Getting Married? Talk Over Finances
Getting married later in life brings a host of added concerns about finances
By Deborah Jeanne Sergeant
If wedding bells are in your future, have a frank talk about finances with your sweetheart. Although discussing money may seem gauche, it’s important that you and your soon-to-be spouse are on the same page.
Diana Apostolova, financial consultant with AXA Advisors, LLC in Rochester, said that although the traditional vows say “for richer or poorer”, that’s the extent of money talk many couples engage in.
People about getting married later in life should discuss how independent they want to be with their money, she said.
“If you choose to keep a joint checking or savings account for paying bills and emergencies, it is still important to have a separate checking account to allow you some financial freedom,” Apostolova said.
You’ve been accustomed to spending money however you wish; however, since you’ll share bills with your spouse, it’s important to not miss payments. As another option, you could divide bills between you so that one pays for the auto insurance, utilities and car repairs, and the other purchases food, entertainment, property taxes and health care expenses, for example.
Discuss any debt and your credit history. It may feel embarrassing disclosing that you owe money or suffered a bankruptcy, but getting married means you legally take on your spouse’s financial burdens.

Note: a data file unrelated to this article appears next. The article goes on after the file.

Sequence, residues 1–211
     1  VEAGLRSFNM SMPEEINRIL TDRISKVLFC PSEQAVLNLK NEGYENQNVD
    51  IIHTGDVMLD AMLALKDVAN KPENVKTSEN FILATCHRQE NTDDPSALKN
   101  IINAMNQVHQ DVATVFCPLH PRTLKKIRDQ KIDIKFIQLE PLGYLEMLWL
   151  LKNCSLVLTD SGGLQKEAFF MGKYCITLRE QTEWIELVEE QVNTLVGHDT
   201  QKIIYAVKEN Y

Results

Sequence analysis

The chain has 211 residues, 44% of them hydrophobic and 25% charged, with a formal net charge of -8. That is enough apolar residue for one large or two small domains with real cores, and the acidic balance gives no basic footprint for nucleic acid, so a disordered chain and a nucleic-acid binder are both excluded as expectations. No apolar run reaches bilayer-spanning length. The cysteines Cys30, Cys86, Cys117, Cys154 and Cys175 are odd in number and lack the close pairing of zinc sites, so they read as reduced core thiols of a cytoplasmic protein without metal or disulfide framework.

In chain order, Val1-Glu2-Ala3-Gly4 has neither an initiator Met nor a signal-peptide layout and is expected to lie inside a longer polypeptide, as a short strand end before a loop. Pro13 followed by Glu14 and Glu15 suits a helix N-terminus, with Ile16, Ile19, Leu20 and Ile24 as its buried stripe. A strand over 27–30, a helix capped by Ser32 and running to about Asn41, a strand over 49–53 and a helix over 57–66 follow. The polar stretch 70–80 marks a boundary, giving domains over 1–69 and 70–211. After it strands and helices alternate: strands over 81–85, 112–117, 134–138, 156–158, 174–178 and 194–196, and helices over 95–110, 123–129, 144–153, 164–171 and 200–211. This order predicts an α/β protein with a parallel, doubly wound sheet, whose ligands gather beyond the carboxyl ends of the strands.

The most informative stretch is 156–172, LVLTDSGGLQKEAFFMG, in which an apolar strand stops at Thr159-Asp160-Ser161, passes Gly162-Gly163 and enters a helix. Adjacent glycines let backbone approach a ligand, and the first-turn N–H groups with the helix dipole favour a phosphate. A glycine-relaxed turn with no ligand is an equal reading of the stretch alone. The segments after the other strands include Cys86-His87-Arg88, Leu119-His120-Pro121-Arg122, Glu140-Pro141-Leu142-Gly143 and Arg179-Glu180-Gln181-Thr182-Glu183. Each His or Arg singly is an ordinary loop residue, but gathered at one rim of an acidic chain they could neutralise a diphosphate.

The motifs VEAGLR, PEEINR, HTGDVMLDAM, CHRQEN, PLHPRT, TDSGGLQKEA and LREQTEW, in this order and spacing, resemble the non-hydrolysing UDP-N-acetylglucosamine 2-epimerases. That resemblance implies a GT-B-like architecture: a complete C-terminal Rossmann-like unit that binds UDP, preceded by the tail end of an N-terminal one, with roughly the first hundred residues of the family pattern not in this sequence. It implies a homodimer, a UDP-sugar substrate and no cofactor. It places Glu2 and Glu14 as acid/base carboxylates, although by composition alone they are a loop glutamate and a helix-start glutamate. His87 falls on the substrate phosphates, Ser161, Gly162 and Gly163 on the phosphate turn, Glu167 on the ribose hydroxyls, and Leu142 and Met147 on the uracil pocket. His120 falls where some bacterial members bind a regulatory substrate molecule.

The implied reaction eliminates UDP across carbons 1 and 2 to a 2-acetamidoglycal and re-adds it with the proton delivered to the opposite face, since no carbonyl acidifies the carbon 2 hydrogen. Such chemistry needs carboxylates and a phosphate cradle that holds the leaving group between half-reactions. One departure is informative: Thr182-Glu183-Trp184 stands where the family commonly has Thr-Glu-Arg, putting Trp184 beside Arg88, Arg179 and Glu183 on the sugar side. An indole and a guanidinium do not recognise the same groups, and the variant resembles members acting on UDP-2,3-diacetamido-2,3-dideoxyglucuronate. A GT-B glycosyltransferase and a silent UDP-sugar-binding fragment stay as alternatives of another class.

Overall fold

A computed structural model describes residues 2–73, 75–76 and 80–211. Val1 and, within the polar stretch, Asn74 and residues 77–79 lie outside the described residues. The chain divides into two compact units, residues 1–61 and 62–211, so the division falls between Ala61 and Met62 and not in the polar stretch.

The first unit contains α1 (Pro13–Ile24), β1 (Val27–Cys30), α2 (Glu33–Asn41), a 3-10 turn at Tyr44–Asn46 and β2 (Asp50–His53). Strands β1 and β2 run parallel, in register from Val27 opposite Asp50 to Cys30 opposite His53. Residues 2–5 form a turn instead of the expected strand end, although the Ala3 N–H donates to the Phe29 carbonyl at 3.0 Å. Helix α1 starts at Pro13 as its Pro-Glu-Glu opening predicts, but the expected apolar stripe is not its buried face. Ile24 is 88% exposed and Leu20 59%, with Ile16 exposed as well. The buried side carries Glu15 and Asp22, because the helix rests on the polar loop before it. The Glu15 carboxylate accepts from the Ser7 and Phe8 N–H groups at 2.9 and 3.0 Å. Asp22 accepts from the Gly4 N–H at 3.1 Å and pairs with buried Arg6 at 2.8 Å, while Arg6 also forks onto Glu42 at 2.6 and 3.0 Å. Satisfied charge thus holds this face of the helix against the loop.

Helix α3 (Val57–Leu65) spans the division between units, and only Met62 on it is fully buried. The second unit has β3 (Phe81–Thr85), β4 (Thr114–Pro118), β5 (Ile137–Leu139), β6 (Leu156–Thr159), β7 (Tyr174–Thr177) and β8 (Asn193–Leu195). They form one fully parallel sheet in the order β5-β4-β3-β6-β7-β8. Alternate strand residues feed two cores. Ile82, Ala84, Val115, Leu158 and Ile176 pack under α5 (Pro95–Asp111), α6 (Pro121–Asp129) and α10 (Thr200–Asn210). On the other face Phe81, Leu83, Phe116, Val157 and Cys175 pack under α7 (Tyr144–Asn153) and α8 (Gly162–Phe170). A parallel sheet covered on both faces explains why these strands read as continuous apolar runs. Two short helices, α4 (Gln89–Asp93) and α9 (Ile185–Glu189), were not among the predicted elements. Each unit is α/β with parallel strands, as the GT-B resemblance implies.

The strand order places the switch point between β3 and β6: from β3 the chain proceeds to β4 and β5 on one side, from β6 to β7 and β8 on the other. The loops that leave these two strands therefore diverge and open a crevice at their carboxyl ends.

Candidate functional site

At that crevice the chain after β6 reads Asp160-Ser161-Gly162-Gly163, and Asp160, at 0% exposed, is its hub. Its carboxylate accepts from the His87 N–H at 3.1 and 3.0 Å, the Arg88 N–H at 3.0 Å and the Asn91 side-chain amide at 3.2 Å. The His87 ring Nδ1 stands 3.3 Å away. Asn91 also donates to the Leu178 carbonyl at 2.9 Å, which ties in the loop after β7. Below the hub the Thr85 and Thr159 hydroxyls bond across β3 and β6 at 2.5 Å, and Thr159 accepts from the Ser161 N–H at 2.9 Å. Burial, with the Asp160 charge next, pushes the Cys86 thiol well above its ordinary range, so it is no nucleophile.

“No credit cards should be hidden, as unwanted debt can build up,” Apostolova said.
Saver or Spender?
Everyone possesses a financial style. It’s not unrealistic that a saver and spender find bliss, as long as both accept and respect the other’s perspective. Share your goals and what’s important to you so that you can create happy compromises as needed.
“Whether you do this with a financial adviser or within the four walls of your house, this will be one of the major building blocks to getting your finances in order,” Apostolova said.
Talk about your money history, both in your childhood and adulthood. These experiences shape how and why we use our money the way we do. For instance, someone who grew up with little money may feel uncomfortable taking financial risks that could endanger their nest egg.
Adam Mark, partner and certified financial planner with Wealth Management Group in Rochester, wants couples to consider their legacy.
“Will each of the new spouse’s half go to their respective children?” he asked. “Typically, it’s not as easy as with one set of kids and grandkids.”
Typically, most couples keep their inheritable assets separated after marriage.
“It’s really about effectively coordinating with their legal and financial guidance because you’re taking two household situations in a very different situation,” Mark said.
After hammering out the details with a financial adviser and attorney, a meeting with the family allows couples to share their decisions beforehand. That helps dissipate any disappointment before either dies, which is a time already fraught with emotion.
Jeff Feldman, certified financial planner and owner of Rochester Financial Services, wants more couples who wed later to obtain long-term care insurance to protect their assets should one spouse require nursing home care.
Couples should also think about their social security status.
“If one of the two wasn’t eligible, you may be eligible for 50 percent of your spouse’s Social Security,” Feldman said. “But if you are divorced and you were set up to get your ex’s Social Security, getting married might negate that. Know the rules before you get married.”
Discussing your finances with a financial advisor and tax attorney can help you make the right decisions to protect your future together.